With less than a month until Election Day, the two candidates vying for Sonoma County's 1st District Board of Supervisors seat are on a fundraising and spending spree.
Santa Rosa City Council Members John Sawyer and Susan Gorin have pulled in $472,000 between them in their bid for the county seat, which encompasses east Santa Rosa and Sonoma Valley. Sawyer brought in about $295,000 of that.
Sawyer's contributions of $108,636 since July eclipsed Gorin's by almost $36,000. But Gorin had about $8,000 more cash on hand as the campaigns enter their final swing.
The large amount of money pouring into the race reflects its importance to the county's political future. It also is the only board seat on the Nov. 6 ballot.
Sawyer said his fundraising shows that he has a broad base of support, including from business interests that he said consider him the best candidate to create jobs and get the economy going.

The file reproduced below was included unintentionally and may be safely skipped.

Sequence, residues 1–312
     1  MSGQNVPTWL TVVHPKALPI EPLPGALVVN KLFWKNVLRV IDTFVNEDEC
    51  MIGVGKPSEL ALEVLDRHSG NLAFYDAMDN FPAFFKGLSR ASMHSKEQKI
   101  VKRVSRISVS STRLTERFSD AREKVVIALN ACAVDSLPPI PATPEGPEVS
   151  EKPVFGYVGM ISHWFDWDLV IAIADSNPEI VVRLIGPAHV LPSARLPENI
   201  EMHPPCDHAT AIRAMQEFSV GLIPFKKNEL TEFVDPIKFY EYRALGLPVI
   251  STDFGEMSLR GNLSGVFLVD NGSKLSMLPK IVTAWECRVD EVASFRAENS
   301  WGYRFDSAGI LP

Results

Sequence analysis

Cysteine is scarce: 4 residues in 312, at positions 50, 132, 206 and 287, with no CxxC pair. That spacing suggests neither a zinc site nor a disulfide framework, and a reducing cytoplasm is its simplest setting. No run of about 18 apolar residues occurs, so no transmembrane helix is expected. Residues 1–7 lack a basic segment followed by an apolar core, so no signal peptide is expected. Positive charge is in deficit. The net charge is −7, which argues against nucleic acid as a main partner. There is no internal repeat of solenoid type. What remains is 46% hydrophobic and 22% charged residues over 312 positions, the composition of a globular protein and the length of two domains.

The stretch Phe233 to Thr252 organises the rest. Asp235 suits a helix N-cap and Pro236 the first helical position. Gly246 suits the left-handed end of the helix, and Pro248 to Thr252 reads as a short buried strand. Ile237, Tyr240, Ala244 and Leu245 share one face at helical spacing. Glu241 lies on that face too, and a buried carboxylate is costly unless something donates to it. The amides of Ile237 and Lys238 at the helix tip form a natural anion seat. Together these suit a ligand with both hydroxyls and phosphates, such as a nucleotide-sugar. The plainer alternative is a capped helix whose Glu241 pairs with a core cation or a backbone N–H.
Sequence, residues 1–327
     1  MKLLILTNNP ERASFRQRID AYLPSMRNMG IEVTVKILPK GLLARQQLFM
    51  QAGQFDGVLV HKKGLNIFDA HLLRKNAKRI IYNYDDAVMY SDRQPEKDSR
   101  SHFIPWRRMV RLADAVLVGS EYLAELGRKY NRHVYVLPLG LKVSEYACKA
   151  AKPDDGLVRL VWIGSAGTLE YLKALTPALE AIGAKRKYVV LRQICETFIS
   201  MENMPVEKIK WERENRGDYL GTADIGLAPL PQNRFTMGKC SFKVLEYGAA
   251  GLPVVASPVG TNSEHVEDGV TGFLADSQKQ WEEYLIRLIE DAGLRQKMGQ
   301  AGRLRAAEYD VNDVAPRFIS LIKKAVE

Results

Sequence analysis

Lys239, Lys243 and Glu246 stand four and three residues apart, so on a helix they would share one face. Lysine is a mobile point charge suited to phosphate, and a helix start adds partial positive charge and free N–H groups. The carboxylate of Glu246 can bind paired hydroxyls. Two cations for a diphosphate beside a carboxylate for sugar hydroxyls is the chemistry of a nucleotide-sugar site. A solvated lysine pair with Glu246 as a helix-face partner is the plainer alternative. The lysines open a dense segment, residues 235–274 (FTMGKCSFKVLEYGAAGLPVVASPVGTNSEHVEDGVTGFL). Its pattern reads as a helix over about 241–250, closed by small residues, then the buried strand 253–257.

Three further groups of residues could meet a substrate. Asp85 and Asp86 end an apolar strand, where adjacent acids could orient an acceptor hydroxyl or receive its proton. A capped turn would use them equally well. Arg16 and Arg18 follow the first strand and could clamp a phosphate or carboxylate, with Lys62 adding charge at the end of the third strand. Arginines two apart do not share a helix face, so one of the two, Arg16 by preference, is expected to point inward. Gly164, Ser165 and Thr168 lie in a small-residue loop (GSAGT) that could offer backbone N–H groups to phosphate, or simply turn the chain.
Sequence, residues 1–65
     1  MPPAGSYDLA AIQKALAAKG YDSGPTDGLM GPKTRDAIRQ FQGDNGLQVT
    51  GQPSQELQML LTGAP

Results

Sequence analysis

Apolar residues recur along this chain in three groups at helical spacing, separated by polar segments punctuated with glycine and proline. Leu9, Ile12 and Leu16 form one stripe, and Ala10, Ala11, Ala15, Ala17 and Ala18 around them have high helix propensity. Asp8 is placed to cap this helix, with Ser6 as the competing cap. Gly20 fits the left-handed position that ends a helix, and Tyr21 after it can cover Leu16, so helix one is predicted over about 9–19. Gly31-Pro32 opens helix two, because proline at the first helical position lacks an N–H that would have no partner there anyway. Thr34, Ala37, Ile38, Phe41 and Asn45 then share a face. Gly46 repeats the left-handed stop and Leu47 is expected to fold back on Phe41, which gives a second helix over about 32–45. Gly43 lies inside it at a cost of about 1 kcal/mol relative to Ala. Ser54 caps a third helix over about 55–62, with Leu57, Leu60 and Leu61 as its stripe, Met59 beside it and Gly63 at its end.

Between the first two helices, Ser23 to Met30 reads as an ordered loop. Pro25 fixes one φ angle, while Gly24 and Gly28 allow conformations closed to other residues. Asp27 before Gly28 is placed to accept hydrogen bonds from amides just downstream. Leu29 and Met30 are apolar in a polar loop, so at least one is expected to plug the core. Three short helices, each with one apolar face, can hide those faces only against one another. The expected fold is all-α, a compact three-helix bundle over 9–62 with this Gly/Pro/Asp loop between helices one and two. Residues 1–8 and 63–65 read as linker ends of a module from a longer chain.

"The fact my contributions reflect that is not surprising to me," Sawyer said Friday.
But Gorin said she has more grass-roots support and that Sawyer is taking money from interest groups she claimed are "trying to buy this election."
Campaign finance records due Friday revealed that Sawyer raised a total of $102,964, plus an additional $5,672 in non-monetary donations, since July 1, for a total of $108,636 this reporting period. That brought his year-to-date figure to $294,463, which includes a $16,300 loan.
Sawyer spent $75,623, leaving him with a cash balance of $37,180.
Gorin collected $70,129, plus an additional $2,600 in non-monetary contributions, giving her a total of $72,729. Her year-to-date figure is $177,779, which includes a $10,000 loan.
Gorin spent $38,122, leaving her with a cash balance of $45,086.
The pair's fundraising doesn't match the torrid pace of the 2010 contest between Petaluma Council Members Pam Torliatt and David Rabbitt, who by this time had raised nearly $600,000 on their way to setting a new spending record for a supervisorial race in Sonoma County. But it's still a lot of money for a county seat that traditionally has gone to someone from Sonoma Valley.